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Fentanyl, carfentanil prompt higher naloxone dosage

October 21, 2016

As overdose deaths from heroin laced with fentanyl and carfentanil continue to rise, a pair of Food and Drug Administration (FDA) panels have narrowly voted to recommend that the agency authorize higher minimum dosages for new naloxone products to better counteract the more potent street drugs.

In overdoses associated with fentanyl (100 times more powerful than morphine) and carfentanil (10,000 times more powerful than morphine), multiple doses of naloxone are sometimes required to revive an individual, especially at the current minimum standard of 0.4 milligrams.

By upping the naloxone minimum dosage, “we would be able to save the person’s life much quicker,” Heather Free, practicing pharmacist in Washington, DC, and spokesperson for the American Pharmacists Association, tells Behavioral Healthcare. “We wouldn’t have to use second, third or fourth doses until we reached the maximum dose for that person. It would be more efficient and life-saving.”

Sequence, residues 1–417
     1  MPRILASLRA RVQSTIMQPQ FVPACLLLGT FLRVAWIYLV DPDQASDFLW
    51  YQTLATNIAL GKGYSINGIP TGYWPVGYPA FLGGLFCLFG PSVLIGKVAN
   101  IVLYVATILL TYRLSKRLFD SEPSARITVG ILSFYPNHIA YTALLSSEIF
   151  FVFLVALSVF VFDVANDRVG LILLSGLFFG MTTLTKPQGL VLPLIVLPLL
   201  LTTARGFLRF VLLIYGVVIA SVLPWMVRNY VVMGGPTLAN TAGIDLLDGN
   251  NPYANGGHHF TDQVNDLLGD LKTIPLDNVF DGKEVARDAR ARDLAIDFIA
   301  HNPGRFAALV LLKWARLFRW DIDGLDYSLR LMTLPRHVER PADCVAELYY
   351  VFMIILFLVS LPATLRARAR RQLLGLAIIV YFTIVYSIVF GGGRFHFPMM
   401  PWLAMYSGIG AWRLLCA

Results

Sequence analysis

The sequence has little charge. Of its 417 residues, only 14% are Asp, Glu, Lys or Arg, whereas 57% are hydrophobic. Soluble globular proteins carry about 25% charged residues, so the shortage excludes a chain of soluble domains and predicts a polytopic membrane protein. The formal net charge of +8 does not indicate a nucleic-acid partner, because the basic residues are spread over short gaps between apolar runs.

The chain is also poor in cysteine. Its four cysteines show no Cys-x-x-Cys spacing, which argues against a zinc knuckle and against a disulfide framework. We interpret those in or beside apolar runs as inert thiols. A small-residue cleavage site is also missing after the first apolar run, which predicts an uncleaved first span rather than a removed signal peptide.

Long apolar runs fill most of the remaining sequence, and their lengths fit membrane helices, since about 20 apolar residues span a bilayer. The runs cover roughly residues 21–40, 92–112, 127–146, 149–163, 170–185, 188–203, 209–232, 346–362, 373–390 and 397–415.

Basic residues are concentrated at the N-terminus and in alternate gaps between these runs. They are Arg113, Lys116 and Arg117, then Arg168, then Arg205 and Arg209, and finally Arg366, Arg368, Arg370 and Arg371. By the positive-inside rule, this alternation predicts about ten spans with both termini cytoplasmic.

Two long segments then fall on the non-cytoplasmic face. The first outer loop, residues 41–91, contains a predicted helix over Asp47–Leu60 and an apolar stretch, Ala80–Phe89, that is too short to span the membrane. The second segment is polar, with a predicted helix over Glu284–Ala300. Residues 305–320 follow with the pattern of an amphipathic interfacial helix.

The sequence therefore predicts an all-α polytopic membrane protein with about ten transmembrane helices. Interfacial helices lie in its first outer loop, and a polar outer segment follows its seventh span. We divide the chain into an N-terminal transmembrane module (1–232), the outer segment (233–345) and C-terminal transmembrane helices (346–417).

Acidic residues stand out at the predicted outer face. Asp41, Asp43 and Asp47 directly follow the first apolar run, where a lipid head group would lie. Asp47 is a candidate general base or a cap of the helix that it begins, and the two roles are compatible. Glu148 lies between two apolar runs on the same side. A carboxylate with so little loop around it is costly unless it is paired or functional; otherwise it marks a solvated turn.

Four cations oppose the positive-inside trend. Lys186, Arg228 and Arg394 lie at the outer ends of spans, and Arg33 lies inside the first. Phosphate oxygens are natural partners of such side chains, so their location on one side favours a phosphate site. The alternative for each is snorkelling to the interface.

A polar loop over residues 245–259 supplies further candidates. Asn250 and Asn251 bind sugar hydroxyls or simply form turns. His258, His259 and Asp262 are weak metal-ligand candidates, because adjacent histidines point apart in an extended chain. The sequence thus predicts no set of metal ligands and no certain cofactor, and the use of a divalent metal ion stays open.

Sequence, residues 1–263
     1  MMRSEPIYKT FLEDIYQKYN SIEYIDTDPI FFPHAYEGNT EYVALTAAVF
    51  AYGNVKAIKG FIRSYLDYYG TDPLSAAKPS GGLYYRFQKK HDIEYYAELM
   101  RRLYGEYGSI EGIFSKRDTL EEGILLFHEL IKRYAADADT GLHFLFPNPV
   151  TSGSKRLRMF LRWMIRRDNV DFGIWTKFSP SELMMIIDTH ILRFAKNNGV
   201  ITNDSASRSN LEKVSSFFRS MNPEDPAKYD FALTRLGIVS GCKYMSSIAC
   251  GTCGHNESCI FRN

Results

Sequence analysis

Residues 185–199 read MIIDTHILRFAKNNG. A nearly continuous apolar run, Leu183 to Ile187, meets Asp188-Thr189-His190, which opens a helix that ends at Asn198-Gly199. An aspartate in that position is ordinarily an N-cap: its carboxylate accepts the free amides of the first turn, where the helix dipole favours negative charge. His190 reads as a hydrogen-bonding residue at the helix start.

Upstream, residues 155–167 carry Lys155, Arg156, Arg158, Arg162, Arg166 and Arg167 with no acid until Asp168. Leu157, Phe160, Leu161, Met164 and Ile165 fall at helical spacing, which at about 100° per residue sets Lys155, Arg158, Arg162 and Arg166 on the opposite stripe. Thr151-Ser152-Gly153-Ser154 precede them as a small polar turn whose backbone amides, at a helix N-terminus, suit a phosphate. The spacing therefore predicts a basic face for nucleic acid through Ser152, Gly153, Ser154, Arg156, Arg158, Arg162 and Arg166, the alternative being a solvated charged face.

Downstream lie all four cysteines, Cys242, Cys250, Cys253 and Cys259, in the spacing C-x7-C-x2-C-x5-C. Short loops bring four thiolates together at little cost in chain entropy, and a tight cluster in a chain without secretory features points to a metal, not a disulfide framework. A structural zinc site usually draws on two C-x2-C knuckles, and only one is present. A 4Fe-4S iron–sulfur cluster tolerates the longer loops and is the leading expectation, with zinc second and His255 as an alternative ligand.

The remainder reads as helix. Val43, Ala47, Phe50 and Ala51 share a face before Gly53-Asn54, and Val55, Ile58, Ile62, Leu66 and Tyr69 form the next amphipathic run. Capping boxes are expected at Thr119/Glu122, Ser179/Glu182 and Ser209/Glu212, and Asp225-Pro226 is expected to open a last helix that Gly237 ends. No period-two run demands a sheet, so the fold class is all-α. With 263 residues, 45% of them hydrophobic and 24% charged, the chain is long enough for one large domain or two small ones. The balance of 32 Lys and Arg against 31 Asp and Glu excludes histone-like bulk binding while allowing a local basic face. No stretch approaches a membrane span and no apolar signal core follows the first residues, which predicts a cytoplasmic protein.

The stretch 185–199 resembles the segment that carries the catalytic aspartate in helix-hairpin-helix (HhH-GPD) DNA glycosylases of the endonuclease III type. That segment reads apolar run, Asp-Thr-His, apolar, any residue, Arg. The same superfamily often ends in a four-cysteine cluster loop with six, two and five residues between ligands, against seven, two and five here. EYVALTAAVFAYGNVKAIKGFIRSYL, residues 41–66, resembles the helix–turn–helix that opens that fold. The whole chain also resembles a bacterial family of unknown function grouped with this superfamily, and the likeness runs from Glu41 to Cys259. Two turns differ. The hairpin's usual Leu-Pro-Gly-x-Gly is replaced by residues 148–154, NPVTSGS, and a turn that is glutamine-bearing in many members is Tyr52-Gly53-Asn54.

The FDA’s Anesthetic and Analgesic Drug Products Advisory Committee and its Drug Safety and Risk Management Advisory Committee voted, 15-13, in favor of increasing the minimum amount for an injectable or intravenous dose of naloxone products used outside a hospital setting. No timetable for future action by the FDA regarding the committees’ recommendation has been set.

The underlying issue of addiction

Deaths due to fentanyl and carfentanil increased by 79% from 2013 to 2014, according to a report by the U.S. Centers for Disease Control and Prevention (CDC), which has prompted consideration of upping the naloxone minimum dosage.

Conversely, though, researchers have found that higher dosages of naloxone can increase the odds of a patient experiencing acute opioid withdrawal syndrome, which can make the patient combative and potentially violent. Free cautions that another potential drawback of increasing the minimum dosage is that it could embolden substance abusers to continue using.

“It doesn’t solve the problem that people are utilizing illicit drugs,” Free says. “The problem remains that people will use naloxone to save their lives and reverse things, but it doesn’t solve the issue of addiction. The FDA is leery about making it so available that people are able to have it there, and it doesn’t solve the issue.”

In addition to recommending higher minimum dosages of naloxone, the FDA panels voted against recommending that the FDA approve different minimum dosing standards for children and adults. Some research suggests children metabolize naloxone faster than adults, and would benefit from a higher dose.

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